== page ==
Saltpeter, also known as nitrate of potash and potassium nitrate, is used for a wide range of applications in gardening. It contains potassium and nitrogen. Saltpeter, which has the chemical symbol KNO3, can be used to quicken germination of certain seeds, as a fertilizer, to encourage plants to flower and fruit, and to remove tree stumps. People are restricted from purchasing large amounts of saltpeter because it also can be used as an explosive.
Soaking in a saltpeter-water solution can speed the germination of seeds with a hard outer coat, according to the National Gardening Association's website. The method also can be used for very old, dry seeds and when the temperature is on the low side. Saltpeter speeds a seed's germination because it simulates the digestive process, breaking down the seed's hard outer coating and allowing the inner portion to absorb water, nutrients and light better.
Saltpeter can be used as a fertilizer to increase the nutritional intake of a plant. It can be applied directly to the soil as a fertilizer, or it can be used as a spray. As a spray, it is applied directly to plant foliage. The amount required and the application frequency varies with the type of plant. Foliar application — rather than application to soil — is useful when plant roots are damaged, when the soil is too wet and when the plant requires more nutrition than it can take in through its root system alone.
The nitrogen and potassium in saltpeter cause plants to blossom and set fruit more quickly than they would otherwise. The potassium encourages a plant's early growth, improves its water use efficiency, boosts its ability to tolerate diseases and increases its protein production. Because potassium also helps with the transfer of nutrients between cells and cell walls, it aids with the production of fruits and flowers. The nitrogen in saltpeter encourages foliage production; nitrogen is essential for plant growth and photosynthesis. The increased photosynthesis that results from the nitrogen also encourages fruit and flower production because the plant has more available energy.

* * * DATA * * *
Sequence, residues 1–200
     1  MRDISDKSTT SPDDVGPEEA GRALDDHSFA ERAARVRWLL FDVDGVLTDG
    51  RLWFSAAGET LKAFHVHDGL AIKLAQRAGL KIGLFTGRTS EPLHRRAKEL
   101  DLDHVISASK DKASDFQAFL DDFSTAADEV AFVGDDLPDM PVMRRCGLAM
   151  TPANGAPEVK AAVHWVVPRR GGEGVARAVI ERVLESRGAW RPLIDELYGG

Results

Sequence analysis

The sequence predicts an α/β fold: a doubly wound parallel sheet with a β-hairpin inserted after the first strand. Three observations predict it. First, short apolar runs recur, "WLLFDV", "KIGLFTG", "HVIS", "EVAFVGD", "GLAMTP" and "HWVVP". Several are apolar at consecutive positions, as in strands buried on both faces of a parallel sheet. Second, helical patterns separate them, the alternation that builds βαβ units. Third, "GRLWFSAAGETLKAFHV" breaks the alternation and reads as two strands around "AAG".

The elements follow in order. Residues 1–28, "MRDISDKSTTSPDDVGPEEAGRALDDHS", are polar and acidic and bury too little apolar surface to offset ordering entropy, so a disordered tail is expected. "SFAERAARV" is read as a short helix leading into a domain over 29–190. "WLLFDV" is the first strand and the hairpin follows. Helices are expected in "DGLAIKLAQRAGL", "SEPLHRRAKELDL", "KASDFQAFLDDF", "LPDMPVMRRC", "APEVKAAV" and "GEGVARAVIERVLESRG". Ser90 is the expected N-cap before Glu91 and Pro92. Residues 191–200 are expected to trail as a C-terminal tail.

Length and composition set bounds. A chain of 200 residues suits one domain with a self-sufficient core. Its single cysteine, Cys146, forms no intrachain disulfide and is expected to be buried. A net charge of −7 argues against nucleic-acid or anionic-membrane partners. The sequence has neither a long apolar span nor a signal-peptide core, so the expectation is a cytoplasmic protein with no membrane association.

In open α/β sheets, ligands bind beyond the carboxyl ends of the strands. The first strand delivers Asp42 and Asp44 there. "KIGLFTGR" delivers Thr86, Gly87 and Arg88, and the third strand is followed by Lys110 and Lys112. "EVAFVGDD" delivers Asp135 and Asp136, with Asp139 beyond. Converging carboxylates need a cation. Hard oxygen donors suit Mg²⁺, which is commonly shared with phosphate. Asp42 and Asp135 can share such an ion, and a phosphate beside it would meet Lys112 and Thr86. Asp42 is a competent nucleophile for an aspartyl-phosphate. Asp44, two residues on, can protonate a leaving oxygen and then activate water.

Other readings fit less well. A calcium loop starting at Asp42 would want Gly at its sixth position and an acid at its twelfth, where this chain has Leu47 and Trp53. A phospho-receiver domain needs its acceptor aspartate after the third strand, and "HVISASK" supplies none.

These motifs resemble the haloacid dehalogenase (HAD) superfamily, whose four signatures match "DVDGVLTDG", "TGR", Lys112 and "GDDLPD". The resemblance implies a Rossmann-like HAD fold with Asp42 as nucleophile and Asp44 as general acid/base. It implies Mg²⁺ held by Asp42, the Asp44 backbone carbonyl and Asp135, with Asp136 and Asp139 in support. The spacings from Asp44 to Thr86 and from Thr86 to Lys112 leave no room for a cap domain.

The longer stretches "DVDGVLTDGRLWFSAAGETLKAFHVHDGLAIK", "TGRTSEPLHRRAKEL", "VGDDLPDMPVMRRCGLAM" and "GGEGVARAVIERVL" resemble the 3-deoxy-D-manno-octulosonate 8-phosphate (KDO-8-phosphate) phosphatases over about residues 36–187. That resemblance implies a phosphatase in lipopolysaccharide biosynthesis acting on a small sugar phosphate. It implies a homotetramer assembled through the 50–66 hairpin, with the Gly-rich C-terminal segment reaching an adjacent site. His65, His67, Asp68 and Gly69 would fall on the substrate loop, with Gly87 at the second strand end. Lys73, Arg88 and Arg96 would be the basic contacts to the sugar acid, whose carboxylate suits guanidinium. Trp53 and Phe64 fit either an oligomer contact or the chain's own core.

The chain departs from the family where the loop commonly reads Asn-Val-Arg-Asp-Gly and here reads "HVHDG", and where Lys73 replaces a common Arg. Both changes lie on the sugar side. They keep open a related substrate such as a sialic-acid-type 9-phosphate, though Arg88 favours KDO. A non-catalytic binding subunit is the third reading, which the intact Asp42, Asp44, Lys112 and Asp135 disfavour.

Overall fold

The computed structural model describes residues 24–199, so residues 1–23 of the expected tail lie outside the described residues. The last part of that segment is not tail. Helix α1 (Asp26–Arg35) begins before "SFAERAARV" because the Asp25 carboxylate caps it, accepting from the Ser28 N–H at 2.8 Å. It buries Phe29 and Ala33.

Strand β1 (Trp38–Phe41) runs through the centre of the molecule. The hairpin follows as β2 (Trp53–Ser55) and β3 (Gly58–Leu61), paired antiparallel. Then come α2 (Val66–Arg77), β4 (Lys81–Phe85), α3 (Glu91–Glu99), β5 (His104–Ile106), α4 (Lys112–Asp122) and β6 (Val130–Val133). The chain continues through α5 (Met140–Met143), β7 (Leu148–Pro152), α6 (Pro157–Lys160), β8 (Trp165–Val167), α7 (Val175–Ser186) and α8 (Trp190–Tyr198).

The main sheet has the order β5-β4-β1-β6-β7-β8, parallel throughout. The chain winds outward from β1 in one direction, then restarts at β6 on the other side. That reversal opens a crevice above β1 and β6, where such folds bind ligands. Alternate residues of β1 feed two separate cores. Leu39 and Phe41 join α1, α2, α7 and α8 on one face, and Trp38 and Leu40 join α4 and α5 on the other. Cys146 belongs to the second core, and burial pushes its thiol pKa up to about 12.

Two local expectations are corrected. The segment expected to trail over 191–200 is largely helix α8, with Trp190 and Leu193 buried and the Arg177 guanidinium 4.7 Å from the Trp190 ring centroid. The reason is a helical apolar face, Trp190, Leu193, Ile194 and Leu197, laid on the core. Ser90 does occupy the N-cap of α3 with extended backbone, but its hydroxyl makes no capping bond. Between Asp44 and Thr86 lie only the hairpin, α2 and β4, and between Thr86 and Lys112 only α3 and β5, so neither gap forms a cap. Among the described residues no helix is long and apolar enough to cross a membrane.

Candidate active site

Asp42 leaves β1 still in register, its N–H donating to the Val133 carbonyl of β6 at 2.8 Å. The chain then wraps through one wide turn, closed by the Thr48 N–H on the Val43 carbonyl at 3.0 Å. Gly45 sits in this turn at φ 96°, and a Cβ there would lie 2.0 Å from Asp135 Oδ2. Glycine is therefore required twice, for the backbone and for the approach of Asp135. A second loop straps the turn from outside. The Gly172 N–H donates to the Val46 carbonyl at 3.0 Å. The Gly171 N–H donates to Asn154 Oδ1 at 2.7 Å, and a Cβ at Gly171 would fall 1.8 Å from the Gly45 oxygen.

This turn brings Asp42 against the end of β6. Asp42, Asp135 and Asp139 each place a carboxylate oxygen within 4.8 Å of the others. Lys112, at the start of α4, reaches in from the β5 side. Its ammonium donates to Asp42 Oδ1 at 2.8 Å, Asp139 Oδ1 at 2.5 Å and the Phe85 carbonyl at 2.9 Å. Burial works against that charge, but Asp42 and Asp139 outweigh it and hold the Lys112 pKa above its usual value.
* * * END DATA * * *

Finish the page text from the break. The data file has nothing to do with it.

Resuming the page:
Saltpeter is used to remove a tree stump in two ways: by speeding the stump's rotting process and by burning it. Both methods require drilling large holes into the stump and filling the holes with saltpeter. If you want to use the saltpeter method that quickens the stump’s decomposition, then add water to the saltpeter in the holes, and let the saltpeter-water solution remain in the holes. If you want to use the faster method, light the dry saltpeter in the holes on fire. That method causes the saltpeter to burn through the roots, destroying the stump's above- and below-ground portions. When using saltpeter to burn a stump, ensure all other flammable materials are well away from the area, and have water or a fire extinguisher ready for use in case it is needed to put out the fire.
- National Gardening Association: Starting Seeds Soaking in Saltpeter Solution
- Potassium Nitrate Association: Foliar Applications of Potassium Nitrate
- Highlights of Agricultural Research: Getting to the Nitrogen Source of the Problem
- University of Minnesota Extension: Potassium for Crop Production
- The Story of Flowers: The Potassium Myth
- Canadian Gardening: Tree Stumps and Saltpeter
- Organic Gardening: Nitrogen -- The Elusive Nutrient